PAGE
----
Why must wait() always be in synchronized block

We all know that in order to invoke Object.wait(), this call must be placed in synchronized block, otherwise an IllegalMonitorStateException is thrown. But what’s the reason for making this restriction? I know that wait() releases the monitor, but why do we need to explicitly acquire the monitor by making particular block synchronized and then release the monitor by calling wait()?

What is the potential damage if it was possible to invoke wait() outside a synchronized block, retaining it’s semantics – suspending the caller thread?


A wait() only makes sense when there is also a notify(), so it’s always about communication between threads, and that needs synchronization to work correctly. One could argue that this should be implicit, but that would not really help, for the following reason:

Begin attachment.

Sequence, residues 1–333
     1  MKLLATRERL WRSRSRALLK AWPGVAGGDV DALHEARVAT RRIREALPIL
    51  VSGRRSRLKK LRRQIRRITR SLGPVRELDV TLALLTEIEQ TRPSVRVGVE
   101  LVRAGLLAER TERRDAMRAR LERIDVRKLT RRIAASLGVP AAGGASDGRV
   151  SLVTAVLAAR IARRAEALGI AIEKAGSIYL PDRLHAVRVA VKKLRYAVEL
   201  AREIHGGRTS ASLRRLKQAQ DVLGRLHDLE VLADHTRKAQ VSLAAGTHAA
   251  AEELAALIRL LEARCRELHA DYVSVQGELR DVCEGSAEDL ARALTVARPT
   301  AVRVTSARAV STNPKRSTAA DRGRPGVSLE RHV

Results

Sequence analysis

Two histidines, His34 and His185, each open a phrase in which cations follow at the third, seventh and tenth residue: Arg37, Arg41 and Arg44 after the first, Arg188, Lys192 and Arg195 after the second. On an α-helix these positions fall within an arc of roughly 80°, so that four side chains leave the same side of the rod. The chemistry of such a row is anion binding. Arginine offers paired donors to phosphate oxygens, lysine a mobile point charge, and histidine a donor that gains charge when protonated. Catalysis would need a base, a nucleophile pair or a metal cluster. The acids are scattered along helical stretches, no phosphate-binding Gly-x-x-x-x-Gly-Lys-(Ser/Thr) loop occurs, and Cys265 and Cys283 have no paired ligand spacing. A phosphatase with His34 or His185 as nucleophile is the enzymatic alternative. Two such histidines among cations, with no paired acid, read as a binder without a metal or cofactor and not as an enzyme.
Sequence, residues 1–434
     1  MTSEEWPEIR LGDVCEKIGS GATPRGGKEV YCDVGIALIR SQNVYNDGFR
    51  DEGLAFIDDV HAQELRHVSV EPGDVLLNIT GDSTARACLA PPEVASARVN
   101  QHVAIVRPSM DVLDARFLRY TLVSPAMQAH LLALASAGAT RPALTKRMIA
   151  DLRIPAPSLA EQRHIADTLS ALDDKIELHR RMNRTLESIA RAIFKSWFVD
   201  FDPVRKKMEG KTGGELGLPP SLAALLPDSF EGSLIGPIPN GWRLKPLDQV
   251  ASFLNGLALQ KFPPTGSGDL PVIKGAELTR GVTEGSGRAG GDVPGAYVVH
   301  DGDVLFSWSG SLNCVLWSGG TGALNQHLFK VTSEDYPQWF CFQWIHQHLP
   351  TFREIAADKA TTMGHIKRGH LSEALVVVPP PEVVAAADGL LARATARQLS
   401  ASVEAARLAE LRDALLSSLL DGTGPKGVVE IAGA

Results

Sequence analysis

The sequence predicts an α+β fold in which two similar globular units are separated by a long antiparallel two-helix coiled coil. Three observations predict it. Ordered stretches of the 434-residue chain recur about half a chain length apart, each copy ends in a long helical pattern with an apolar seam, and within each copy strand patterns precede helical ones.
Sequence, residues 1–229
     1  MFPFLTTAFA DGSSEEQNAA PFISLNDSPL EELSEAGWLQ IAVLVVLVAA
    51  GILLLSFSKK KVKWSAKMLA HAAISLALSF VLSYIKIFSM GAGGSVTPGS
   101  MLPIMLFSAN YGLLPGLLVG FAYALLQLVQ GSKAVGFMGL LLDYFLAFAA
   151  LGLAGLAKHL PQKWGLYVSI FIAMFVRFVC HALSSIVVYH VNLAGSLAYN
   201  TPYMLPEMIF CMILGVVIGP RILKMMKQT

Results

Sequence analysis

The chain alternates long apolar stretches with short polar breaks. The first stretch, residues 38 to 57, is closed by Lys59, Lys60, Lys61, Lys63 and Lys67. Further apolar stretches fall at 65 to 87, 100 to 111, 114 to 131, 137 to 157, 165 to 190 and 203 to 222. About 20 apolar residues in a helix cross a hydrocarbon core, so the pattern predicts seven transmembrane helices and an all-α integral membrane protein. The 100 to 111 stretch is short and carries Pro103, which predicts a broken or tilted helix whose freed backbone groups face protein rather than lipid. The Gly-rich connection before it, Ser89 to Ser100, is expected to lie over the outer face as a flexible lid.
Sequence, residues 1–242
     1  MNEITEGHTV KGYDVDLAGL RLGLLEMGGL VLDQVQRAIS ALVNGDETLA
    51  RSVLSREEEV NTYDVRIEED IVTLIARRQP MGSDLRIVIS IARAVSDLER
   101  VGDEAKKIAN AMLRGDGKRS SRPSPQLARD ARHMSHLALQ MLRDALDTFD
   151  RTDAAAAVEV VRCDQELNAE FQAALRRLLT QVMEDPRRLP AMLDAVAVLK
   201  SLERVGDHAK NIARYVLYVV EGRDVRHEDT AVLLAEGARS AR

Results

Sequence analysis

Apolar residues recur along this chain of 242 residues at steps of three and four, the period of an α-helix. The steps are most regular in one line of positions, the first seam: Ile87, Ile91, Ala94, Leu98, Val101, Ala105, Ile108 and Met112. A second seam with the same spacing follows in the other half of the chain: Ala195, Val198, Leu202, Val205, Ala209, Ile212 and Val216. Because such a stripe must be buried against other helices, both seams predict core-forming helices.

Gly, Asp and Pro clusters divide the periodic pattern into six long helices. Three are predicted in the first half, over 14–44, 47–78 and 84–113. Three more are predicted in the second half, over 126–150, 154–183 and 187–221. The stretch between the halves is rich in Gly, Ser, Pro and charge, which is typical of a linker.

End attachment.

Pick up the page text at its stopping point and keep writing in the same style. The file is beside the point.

Semantically, you never just wait(). You need some condition to be satsified, and if it is not, you wait until it is. So what you really do is


But the condition is being set by a separate thread, so in order to have this work correctly you need synchronization.

A couple more things wrong with it, where just because your thread quit waiting doesn’t mean the condition you are looking for is true:

  • You can get spurious wakeups (meaning that a thread can wake up from waiting without ever having received a notification), or

  • The condition can get set, but a third thread makes the condition false again by the time the waiting thread wakes up (and reacquires the monitor).

To deal with these cases what you really need is always some variation of this:


Better yet, don’t mess with the synchronization primitives at all and work with the abstractions offered in the java.util.concurrent packages.

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